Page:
Hello again, fellow coders/entrepreneurs! This week, i’ll be reviewing the fantastic book The Procrastination Equation by Piers Steel.
I got to know this book when i was… well… procrastinating on Reddit and found this chart in a post:
I love these kinds of schematics, and this one immediately caught my eye. While definitely not simple, i really felt like something was up with it, and simply knew i had to read the book where it came from to learn more about every single one of these colorful squares. And i was pleasantly surprised to find that not only every single one of them is deeply detailed in the book, but also that it contains tons of research backing up its claims and also that there is a higher level concept embracing all of them.
The book begins by describing what is the profile of a procrastinator. It has a simple set of questions that tells you in which category of procrastinators you are, and quite a few examples of common procrastinator attitudes. After this setup, it showcases the so-called procrastination equation, that says:
MOTIVATION = ( EXPECTANCY * VALUE ) / ( IMPULSIVENESS * DELAY )
- Motivation is how determined we are to actually accomplish something.
- Expectancy is what we expect the outcome to be, that is, how likely we think it is that we will succeed.
- Value is the perceived gain that we will have by finishing some task.
- Impulsiveness is our tendency to act towards smaller gains, or how sensitive we are to delays.
- Delay is how long it is going to take for us to accomplish our goals.
The next few chapters detail the origin and consequences of procrastination. I would say that if all you’re looking for is some way to get out of procrastination habits, you can safely skip these chapters. On the other hand, if you, like me, enjoy reading about research, the chapter three to six are fascinating, particularly chapter three, “Wired for procrastination”, that explains how our mammal brains keep us from reaching our goals.
The actual description of the techniques you can use to beat procrastination begin on chapter seven, “Optimizing optimism” (the yellow squares on the chart above). Basically, it says how to fine tune your expectatives so that you don’t believe tasks are impossible but also don’t become overconfident (and thus, delay a task because you think it would be too easy).
An actual segment of the chapter that just fits too well with entrepreneurship is the notion of success spirals. Imagine you’re trying to create a multi-millionaire business (who isn’t?), but you don’t realistically believe you can pull it off. What the book suggests you to do: strive to improve just a little beyond your present skill set so that reaching this goal becomes easier. In our example, have you ever built a e-mail list? A simple, straightforward landing page? No need to build the whole company at once: start at a simple point, that you can realistically achieve, and your eventual success should inspire you to actually reach further (as in a spiral).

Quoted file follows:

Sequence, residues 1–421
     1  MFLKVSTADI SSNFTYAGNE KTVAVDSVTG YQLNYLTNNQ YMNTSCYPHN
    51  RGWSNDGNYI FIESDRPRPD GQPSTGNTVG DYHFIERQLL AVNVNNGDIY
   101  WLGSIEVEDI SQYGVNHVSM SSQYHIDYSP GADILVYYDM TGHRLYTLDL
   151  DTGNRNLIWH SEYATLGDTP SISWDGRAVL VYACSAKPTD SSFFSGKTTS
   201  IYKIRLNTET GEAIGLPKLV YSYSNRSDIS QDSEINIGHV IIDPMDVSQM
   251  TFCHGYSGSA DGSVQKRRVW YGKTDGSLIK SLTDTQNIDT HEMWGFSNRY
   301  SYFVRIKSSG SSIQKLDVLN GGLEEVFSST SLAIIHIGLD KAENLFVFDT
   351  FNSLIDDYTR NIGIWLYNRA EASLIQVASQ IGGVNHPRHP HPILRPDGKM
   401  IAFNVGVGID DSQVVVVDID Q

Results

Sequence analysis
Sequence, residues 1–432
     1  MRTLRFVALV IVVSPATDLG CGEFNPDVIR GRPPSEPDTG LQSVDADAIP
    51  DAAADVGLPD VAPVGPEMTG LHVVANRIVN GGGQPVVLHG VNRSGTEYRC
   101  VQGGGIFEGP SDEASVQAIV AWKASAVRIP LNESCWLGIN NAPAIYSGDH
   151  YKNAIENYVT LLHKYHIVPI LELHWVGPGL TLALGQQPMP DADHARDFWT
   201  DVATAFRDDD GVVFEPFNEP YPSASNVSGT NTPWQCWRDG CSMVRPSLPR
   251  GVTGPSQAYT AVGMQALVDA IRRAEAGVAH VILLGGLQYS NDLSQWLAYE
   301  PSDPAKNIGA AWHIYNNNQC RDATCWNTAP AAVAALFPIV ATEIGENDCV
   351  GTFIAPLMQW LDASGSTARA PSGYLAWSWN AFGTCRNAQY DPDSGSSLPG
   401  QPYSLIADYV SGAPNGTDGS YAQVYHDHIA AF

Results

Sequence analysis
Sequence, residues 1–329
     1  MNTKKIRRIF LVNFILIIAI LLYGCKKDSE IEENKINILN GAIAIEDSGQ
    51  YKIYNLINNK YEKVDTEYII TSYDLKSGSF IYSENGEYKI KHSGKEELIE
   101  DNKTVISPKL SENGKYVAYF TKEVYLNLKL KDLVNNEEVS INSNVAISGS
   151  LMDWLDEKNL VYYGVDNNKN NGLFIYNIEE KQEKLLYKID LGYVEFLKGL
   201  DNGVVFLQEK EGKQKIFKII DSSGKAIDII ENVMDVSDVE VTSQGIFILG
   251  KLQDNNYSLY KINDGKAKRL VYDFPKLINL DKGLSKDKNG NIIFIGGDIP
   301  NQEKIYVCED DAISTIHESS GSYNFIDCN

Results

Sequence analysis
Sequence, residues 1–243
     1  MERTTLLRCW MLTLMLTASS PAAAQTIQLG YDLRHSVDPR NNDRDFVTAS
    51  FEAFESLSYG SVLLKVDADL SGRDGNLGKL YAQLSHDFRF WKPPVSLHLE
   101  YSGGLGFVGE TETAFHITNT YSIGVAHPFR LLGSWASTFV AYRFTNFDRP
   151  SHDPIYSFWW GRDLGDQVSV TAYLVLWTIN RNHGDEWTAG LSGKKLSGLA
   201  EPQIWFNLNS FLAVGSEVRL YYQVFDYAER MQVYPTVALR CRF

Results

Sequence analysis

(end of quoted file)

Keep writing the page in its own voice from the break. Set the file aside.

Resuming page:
The next chapter, “Love it or leave it”, talks about value (the blue squares). I think this quote best summarises what this part is all about:
Suppose you had to decide what to do for just the next five minutes—either work on the paper or play one game of pinball. The paper can wait for one game—there is little long-term cost. In the short run, five minutes of pinball is far more pleasurable than five minutes of paper writing, and after all, how much of a paper can you do in five minutes? Pinball is the obvious choice. The game is over so you must decide about the next five minutes. The situation is only trivially changed, so you will reach the same result. Once you’ve taken the possibility of pinball seriously and fragmented your night into five-minute intervals, you may be doomed to play until you run out of money, the machine breaks, someone meaner than you wants to play. The trouble is, even five minutes has a real cost to the paper. Because a single game of pinball is brief, it is particularly seductive.
In my experience, building a whole software system (and a company) feels just like finishing this paper. Playing some game for a few minutes won’t do much to it, but the problem comes when its impossible to stop.
Moving forward, we have “In Good Time”, chapter nine, that speaks about impulsiveness (the green squares). According to the book, this is the hardest part when dealing with procrastination and possibly the one which impacts us the most, but it has useful tips here, too: mainly, it focuses on how to properly declare your goals and actively pay attention to the consequences of your acts. That is, state your goals in a way that includes a (preferentially) short-timed due date and be aware of any distracting temptations.
To wrap it up, i really liked this book, mainly because it is a book on motivation that is backed up by real research (if you read the digital version, you’ll notice the many references in every chapter). In fact, i have already been using some of its tecniques for some time, and am looking forward to share with you my personal productivity framework. Thanks for reading this review, and i hope you found it useful!
Liked this review? Has anything to ask or to add? Reach me on Twitter: @thenameisflic!